Protecting Children’s Health in Pakistan

Protecting children’s health in Pakistan is a national priority because every eleventh child who is born dies before reaching their first year.

protecting-childrens-health-pakistanIt comes as no surprise that life expectancy is much higher in the developed world than in the developing world. However there has been a real decline in the overall mortality rate during the last four or five decades, yet infant and child mortality remain quite high.

In Pakistan, every eleventh child who is born dies before reaching their first year.

The mortality rate of children under 5 years is 111 per 1,000 live births, and the incidence and level of child death varies between various groups of the population. Some of these differences are due to biological reasons and partly due to socio-economic factors. It is commonly observed that the mortality rate is higher among poor people.

In Pakistan, the majority of women are uneducated and the proportion of uneducated women is considerably high in rural areas. An urban-rural comparison shows that while acquisition of primary or less education by mothers in urban areas brings substantive decrease in the incidence of child mortality, rural women with the same level of education do not produce much change in child mortality.

Yet, rural women who have acquired higher education do bring a visible downward change in child mortality. On the whole, educational attainment has multiple benefits. An educated mother is generally more aware of her responsibilities especially when her child is sick. Educational attainment also brings rationality in her reproductive behavior.

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Nearly 121 children have died during a drought in Tharparkar in three months. Credit: Yasir Rajput

Children’s health in Pakistan requires serious attention

Pakistan is one of five countries that account for half of the global deaths among children under five. Infant mortality in Pakistan is a major concern, with one in 10 children dying before reaching the age of five, and one in 30 just after they are born.

Pakistani children are affected by pneumonia and air pollution. Air pollution is mostly caused by harmful emissions of biogas, which is used in most Pakistani houses. The main reason behind growing child mortality in Pakistan is the lack of child healthcare facilities in rural areas, where a majority of the population lives.

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Low state spending on healthcare, abject poverty, low literacy, lack of skilled birth attendants, widespread communicable diseases, insufficient emergency child health services in government-run district and rural hospitals are among other reasons behind growing diseases in children.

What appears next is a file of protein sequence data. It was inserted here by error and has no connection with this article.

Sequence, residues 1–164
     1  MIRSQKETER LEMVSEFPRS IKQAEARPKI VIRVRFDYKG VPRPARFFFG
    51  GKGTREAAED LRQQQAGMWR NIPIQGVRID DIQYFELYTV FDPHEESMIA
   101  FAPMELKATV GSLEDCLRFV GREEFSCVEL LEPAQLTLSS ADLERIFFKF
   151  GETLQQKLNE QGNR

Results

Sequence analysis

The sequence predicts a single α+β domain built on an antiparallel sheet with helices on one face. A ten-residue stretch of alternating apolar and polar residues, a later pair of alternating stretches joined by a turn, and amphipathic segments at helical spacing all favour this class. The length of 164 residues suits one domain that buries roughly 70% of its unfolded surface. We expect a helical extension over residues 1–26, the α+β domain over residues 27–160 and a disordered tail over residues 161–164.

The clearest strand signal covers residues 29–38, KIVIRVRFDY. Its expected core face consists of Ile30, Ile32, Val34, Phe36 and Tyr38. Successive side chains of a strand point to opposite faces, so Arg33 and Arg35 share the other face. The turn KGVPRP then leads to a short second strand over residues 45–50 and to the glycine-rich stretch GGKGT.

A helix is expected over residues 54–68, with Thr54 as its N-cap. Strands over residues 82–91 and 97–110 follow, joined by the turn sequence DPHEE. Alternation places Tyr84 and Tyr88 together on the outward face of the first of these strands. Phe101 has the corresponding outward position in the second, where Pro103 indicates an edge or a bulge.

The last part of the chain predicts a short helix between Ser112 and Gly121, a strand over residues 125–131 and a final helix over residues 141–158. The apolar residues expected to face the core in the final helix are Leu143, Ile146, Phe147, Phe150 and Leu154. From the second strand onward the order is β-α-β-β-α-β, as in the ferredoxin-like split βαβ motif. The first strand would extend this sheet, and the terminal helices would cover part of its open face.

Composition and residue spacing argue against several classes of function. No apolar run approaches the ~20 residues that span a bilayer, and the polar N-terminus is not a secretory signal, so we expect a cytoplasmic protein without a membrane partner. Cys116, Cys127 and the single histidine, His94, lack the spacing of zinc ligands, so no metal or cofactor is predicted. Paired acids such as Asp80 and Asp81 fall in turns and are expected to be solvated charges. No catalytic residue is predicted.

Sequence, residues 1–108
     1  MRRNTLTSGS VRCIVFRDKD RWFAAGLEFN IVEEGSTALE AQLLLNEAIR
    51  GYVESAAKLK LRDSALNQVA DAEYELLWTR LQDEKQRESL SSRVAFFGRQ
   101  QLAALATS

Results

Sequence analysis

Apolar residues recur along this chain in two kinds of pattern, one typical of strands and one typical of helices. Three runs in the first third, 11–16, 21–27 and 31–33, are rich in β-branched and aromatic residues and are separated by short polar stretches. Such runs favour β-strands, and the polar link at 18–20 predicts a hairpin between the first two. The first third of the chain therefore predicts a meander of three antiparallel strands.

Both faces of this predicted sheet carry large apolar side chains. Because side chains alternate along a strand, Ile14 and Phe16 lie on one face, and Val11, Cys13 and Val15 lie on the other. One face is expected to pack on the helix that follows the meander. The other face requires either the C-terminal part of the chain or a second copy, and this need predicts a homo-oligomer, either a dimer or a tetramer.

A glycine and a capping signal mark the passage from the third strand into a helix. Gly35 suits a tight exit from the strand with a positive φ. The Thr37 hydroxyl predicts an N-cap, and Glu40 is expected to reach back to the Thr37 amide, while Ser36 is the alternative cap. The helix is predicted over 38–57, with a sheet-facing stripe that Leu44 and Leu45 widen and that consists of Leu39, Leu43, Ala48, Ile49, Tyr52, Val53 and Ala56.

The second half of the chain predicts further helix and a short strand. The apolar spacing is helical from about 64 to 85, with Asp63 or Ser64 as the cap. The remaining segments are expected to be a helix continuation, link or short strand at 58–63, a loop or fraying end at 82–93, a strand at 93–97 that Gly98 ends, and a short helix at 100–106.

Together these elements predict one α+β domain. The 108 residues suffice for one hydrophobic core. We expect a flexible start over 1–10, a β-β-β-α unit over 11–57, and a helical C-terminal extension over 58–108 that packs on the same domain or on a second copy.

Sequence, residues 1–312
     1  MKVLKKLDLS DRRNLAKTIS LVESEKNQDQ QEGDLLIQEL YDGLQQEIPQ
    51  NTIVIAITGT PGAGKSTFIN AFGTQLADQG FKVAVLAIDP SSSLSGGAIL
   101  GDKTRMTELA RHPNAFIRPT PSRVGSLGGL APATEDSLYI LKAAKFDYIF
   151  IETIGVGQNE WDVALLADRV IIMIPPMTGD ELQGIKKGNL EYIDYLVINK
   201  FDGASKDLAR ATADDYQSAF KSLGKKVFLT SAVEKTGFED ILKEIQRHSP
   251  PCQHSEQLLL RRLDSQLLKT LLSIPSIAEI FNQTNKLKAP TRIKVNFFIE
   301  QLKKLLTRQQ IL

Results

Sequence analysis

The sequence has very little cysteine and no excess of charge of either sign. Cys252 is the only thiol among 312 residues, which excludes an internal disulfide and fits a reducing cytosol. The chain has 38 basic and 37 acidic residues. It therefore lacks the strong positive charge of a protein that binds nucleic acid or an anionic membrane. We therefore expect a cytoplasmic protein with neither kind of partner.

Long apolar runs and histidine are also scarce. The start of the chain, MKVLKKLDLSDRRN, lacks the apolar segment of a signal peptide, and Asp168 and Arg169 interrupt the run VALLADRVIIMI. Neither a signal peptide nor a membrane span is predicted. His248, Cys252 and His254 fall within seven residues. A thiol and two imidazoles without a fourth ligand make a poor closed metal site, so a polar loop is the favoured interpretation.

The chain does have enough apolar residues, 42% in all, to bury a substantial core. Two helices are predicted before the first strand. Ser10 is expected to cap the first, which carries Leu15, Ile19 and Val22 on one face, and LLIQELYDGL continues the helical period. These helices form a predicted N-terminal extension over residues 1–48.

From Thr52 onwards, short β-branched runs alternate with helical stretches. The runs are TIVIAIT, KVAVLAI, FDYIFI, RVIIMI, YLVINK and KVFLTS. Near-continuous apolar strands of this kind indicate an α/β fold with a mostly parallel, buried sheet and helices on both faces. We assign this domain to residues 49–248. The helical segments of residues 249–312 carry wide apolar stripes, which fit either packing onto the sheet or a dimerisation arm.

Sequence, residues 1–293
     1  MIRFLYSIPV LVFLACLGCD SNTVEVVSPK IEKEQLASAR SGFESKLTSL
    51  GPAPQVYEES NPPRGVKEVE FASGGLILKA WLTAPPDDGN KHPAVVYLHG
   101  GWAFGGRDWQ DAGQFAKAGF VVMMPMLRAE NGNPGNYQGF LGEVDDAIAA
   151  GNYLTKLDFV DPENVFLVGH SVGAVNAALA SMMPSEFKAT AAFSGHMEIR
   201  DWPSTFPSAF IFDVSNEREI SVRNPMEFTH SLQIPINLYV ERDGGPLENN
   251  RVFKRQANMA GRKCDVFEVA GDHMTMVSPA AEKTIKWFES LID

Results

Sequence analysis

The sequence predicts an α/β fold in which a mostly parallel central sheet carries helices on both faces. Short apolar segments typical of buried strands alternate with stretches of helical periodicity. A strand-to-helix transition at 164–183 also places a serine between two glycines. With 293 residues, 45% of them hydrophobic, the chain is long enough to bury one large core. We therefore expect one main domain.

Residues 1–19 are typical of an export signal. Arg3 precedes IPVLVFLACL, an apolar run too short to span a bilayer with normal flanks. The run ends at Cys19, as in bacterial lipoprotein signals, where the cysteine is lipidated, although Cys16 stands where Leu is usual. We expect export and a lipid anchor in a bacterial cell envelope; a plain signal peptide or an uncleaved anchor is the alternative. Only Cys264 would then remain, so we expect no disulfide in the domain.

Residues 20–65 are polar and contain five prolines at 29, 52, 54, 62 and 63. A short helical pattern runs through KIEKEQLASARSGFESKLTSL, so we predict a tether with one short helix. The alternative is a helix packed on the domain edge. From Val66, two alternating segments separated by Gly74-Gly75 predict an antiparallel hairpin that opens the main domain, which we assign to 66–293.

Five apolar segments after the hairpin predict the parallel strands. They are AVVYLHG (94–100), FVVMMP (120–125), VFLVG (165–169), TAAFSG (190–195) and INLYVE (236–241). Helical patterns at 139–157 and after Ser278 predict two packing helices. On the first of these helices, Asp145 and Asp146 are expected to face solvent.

Children under the age of five face multiple obstacles including birth injuries and infectious diseases. Millions of children suffer from short and long-term adverse consequences of illnesses, malnutrition and injuries that impact their well-being and options in life, including fewer educational opportunities and diminished future economic prospects.

Children’s health is closely related to maternal health, as nutrition during pregnancy, birth conditions, birth spacing, and health status of the mother impact the health of the child prior to, during and after birth.

In the Pakistani province Sindh, 23 out of every 100 children are malnourished in the Shikarpur district of Sukkur. Mishal Pakistan, a leading research institution advocating for economic development, organized the field visit of a team of journalists for evidence-based reporting of health facilities. Sindh was found in the survey as the poorest and most malnourished province with only 28.2 percent of households having food security, while the remaining were found food insecure.

On March 7, the Sindh government ordered a probe into the death of 41 children who reportedly died of pneumonia and malnutrition in a stretch of the Thar Desert.

“It is a very serious matter and we have deputed a senior member of the party and officials to probe into the deaths,” Sindh Chief Minister Syed Qaim Ali Shah told reporters.

The lives of these children could have been saved if the department of child health and administration took a more proactive and serious approach. Pakistani Prime Minister Nawaz Sharif has directed the National Disaster Management Authority (NDMA) to immediately get in touch with authorities in Sindh and provide all possible aid and help.

After receiving instructions from the premier, NDMA has contacted authorities in Sindh and its provincial chapter to assess the situation on an emergency basis. Sources said NDMA relief may reach Thar within the next 24 hours.

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Batool Fatima is pursuing a BS in Education at the University of Karachi. Read other articles by Batool.